“Do I really need accountability?” Derek asked me.
“Why do you ask?” I replied.
“I mean, shouldn’t I be able to hold myself accountable to my healthy eating goals? This is something that really matters to me, so I should be able to do that myself, don’t you think?” Derek continued.
“Well, I don’t know,” I said.
Healthy eating, we were learning, was a critical issue for Derek.
When he ate well, he felt good about himself, which made him happier, which helped him do better work, which fueled everything else in his life. But when he didn’t, his energy would spiral downward. It was like a kind of switch—the one activity that would change his energy from vicious cycle to virtuous cycle.
In this particular coaching conversation, his energy was low. (Not surprisingly, healthy eating hadn’t been great either.)
We learned that the only time he’d successfully stuck to healthy eating was through outside accountability, whether through a trainer, coach, or otherwise.
Today, he was questioning the power of accountability.
“Well, I don’t know,” I continued. “Accountability is a part of every successful behavior change story I’ve every heard, and every proven behavior change system I’ve seen. But we live in a culture that expects you to do it yourself. And if you can’t, there’s something wrong with you.”
“Yes, yes!” Derek replied.
“But, really, we are social creatures. We rely on people for everything we do. I think we’re tricked into thinking we can do things ourselves, but really we just lose sight of just how much help went into it,” I said.
Let’s think about a simple example—you reading this article. You’re reading this on some kind of device, which needs to be powered. Somebody had to find out how to generate the electricity, invent wires to supply the energy, invent the power grid that gets it to you (thanks Nikola Tesla), build the power plant and energy grid that supplies it to your location, and all the tiny parts that had to be designed, built, shipped, and installed to get the energy from the building to your device.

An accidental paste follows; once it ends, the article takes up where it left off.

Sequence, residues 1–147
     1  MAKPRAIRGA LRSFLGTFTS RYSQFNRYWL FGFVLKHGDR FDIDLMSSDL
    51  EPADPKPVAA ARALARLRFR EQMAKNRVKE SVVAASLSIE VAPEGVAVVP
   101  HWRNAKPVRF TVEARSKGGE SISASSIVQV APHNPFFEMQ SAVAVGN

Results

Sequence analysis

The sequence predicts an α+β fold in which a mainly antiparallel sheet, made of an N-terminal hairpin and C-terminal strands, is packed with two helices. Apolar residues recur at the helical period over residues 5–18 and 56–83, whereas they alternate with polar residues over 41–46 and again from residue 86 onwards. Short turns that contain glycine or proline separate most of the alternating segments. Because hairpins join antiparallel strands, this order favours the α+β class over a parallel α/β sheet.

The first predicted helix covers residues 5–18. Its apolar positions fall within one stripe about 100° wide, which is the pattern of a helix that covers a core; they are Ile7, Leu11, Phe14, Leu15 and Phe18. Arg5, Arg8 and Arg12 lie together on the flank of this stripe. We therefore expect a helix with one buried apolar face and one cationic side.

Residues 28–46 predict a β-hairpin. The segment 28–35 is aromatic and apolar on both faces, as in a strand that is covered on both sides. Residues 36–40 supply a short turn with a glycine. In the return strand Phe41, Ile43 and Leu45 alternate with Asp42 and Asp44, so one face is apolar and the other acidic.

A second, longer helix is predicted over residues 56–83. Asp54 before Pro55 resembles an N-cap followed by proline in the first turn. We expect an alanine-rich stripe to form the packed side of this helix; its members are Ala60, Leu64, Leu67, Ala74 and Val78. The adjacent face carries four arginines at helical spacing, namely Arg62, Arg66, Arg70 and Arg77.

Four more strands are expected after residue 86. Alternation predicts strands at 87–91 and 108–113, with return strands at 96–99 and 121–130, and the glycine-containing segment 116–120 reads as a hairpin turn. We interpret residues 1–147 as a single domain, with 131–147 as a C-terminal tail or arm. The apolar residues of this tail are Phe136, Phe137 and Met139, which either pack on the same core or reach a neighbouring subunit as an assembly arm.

All of that work. Just to power your device. It would take a lifetime to do yourself.
But you don’t think about that. You just plug in your phone, tablet, or computer and expect energy to start flowing.
So when we attempt something simple like changing a habit, reaching a goal, or getting one more client, we expect to do it on our own. And it’s OK to expect that. It’s just that, more often than not, it’s inaccurate.
The truth is, you can’t do it on your own. By time you got dressed this morning, you relied on hundreds, maybe thousands of people. You likely never meet them, but they helped you.
Honestly, the world “accountability” doesn’t quite capture the real power of partnership.
Something incredible happens when you become vulnerable and open yourself to help. When you let someone in, their mere presence changes the game. Your new future gets anchored in another person, and in your relationship. Through their support, the future becomes more likely to happen.
This change is especially tangible if you’re trying to stop a destructive behavior. There is a redemptive power of having someone walk alongside you, rescuing you from your unwanted behavior. Someone to help you be more compassionate with yourself when you inevitably mess up.
But building that accountability is risky. The risk of vulnerability. The risk of a failed partnership. The risk of not changing. (Often, these risks are well worth the potential rewards.)
Later that meeting, Derek and I established accountability around his goals. And then he texted me last week: “Hey coach, Just thought I’d let you know my eating is going really well. I’m in a good space thanks to you. Makes me really happy to have some discipline again :D :D Working together is much better than going it alone.”
So, do you need accountability? No.
But does it help a whole lot? Yes.